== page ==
With some elements of the framework of the need, it may be obvious when a need is not being met, while other gaps in fulfillment may be more challenging to identify. Nurses may need to look below the surface for clues to how patients are feeling. This may involve interpreting non-verbal gestures and another body language, in addition to assessing personal circumstances.
For example, if patients display defensive behavior, this is likely to reflect that their need for Safety is not being met and they are feeling insecure. Body language such as crossed arms could be a sign of defensive behavior. As a nurse, you can respond by trying to counteract the feeling. If it is not immediately clear why the patient is feeling insecure, start by getting to the bottom of what is causing their concern. It could be that the patient feels physically unsafe. If this is the case and there are real risks to the patient’s safety, a nurse or other medical professional will need to address the issue or refer the case to someone who can help. Safety is a basic need for good health.
Alternatively, it could relate to psychological safety needs, such as a fear of what is going to happen with their hospital treatment. If the patient is feeling unsafe because of uncertainty about forthcoming procedures, a nurse can often alleviate these feelings by explaining to the patient exactly what will happen and when. When patients know what to expect, they start to feel more in control and less insecure. Spending time supporting the patient in this way can also help to meet needs at the Love and Belonging level of the framework of the need.
Nurses are not expected to meet all patient needs. They can only be responsible for elements within their control. However, they may be able to help with the fulfillment of further needs by arranging or encouraging support from other people, whether they are other medical professionals, family members, friends, or carers. The setting will affect the extent to which healthcare providers are responsible for needs being met. For example, patients in residential care may need more support from professionals than people who are at home and have the support of loved ones around them.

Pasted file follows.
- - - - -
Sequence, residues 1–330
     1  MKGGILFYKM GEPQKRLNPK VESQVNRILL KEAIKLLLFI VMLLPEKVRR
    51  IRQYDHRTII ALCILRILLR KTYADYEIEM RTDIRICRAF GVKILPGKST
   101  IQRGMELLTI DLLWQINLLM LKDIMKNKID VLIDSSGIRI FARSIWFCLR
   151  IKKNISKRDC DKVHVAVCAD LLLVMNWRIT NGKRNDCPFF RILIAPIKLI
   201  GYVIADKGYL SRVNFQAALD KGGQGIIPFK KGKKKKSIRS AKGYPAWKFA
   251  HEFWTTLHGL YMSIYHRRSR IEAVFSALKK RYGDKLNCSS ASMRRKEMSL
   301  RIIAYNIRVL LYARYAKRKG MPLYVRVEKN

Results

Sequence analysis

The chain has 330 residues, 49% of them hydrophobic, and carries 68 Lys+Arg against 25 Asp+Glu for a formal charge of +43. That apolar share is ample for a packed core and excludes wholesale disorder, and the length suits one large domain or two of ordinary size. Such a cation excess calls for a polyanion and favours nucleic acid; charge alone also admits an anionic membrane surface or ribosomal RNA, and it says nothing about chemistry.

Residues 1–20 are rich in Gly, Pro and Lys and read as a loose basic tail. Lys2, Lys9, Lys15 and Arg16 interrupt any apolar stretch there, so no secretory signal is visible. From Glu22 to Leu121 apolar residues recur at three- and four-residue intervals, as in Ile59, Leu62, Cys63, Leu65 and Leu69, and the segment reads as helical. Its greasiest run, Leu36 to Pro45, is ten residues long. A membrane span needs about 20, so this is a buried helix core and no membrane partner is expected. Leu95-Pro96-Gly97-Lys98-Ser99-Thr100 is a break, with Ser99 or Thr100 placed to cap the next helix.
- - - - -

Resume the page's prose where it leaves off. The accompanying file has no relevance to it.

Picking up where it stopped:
Some needs can be met by nurses with very little additional effort. For example, when patients start to share details of their lives with you, it is usually an indication that they are looking for love and belonging needs to be met. Showing interest and empathy with active listening skills creates an opportunity to bond with them and make them feel cared for.
Providing patients with support for meeting their lower-level needs encourages them to actively fulfill those needs for themselves over time. For example, a patient who has suffered injuries in an accident may become dependent on others during rehabilitation. It is important that the support required is given when needed, but the patient needs to be gradually encouraged to start doing things for themselves since independence is an important factor in meeting the Self-esteem need.
As the patient becomes more self-sufficient, it will boost their self-esteem, filling another vital need higher up in the framework. This puts people in a position to work on their highest need, self-actualization, where they realize their full potential with personal growth.